The stories one tells about pain are profound ones.
Nothing is more legible than these stories. But something is left out of them. If there were no stories, there might be a moment of innocence.
A moment before the burden of the stories and their perceived causes and consequences.
For Anna, the narrator of Beautiful Work, there were moments when it was not accurate to say in relation to pain "because of this'" or "leading to that." They were lucid moments. And so she began to hunger for storylessness. In order to understand the nature of pain, Anna undertakes a meditation practice.
We tend to think of pain as self-absorbing and exclusively our own ("my pain," "I am in pain").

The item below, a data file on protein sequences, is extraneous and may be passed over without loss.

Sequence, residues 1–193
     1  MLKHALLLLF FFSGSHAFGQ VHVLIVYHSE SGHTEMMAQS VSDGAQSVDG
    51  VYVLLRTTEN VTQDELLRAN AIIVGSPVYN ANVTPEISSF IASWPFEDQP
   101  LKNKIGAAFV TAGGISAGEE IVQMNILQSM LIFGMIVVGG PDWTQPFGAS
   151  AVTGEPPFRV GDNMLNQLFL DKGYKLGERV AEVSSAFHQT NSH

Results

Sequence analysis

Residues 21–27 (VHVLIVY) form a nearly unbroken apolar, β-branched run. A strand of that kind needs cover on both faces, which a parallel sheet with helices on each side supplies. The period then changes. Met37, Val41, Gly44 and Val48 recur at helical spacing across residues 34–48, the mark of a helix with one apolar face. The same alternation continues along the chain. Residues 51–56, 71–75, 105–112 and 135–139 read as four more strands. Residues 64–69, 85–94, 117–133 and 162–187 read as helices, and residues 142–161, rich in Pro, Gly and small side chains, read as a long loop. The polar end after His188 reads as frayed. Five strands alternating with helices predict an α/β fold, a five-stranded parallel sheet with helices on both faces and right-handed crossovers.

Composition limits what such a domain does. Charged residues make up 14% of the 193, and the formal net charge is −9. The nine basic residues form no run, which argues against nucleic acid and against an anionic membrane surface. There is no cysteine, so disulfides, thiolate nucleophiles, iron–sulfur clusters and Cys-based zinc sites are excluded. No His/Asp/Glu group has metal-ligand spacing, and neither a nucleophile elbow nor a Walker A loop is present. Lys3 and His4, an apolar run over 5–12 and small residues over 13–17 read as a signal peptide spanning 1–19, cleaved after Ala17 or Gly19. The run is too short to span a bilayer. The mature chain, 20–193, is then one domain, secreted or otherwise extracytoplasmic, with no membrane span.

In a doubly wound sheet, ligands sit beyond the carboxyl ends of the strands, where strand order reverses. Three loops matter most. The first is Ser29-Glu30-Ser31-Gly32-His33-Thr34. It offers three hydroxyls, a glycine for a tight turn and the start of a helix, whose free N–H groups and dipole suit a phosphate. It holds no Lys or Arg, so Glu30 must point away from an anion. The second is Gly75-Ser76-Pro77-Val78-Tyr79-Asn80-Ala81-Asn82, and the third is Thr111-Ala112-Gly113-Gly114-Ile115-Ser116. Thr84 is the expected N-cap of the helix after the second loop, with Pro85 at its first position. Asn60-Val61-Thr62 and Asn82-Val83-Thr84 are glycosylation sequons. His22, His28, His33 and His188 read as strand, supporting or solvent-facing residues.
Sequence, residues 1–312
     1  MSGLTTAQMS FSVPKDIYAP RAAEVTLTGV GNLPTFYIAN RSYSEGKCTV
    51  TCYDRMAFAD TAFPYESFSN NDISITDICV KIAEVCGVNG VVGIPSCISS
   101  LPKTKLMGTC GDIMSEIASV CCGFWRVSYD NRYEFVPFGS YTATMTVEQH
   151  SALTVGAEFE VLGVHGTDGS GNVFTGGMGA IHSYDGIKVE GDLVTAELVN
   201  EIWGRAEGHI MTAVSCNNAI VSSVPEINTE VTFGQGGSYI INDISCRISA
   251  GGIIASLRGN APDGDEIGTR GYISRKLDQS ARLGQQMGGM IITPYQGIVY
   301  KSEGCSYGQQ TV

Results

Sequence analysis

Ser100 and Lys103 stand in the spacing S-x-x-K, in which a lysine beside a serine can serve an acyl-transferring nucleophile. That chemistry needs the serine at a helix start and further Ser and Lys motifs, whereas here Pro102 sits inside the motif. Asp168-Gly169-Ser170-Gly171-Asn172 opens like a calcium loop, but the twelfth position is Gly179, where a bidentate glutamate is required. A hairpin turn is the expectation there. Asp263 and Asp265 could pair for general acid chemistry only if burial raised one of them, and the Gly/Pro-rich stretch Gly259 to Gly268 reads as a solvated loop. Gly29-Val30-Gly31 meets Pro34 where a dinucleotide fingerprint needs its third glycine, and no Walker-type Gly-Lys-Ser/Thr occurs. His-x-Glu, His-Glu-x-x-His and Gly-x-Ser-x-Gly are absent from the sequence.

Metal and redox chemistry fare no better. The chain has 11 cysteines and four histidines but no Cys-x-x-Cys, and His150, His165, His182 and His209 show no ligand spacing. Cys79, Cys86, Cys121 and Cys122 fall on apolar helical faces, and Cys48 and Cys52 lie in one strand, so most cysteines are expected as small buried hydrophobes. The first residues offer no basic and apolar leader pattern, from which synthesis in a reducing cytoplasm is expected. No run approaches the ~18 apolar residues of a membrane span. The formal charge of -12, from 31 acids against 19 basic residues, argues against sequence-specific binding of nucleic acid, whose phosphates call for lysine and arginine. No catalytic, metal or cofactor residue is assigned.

In distinction, Sharon Cameron's Anna comes to explore pain as common property, and as the basis for a radically reconceived selfhood.
Resisting the limitations of memoir, Beautiful Work speaks from experience and simultaneously releases it from the closed shell of personal ownership.
Outside of the not quite inevitable stories we tell about it, experience is less protected, less compromised, and more vivid than could be supposed. Beautiful Work brings to bear the same interest in consciousness and intersubjectivity that characterizes Cameron's other work.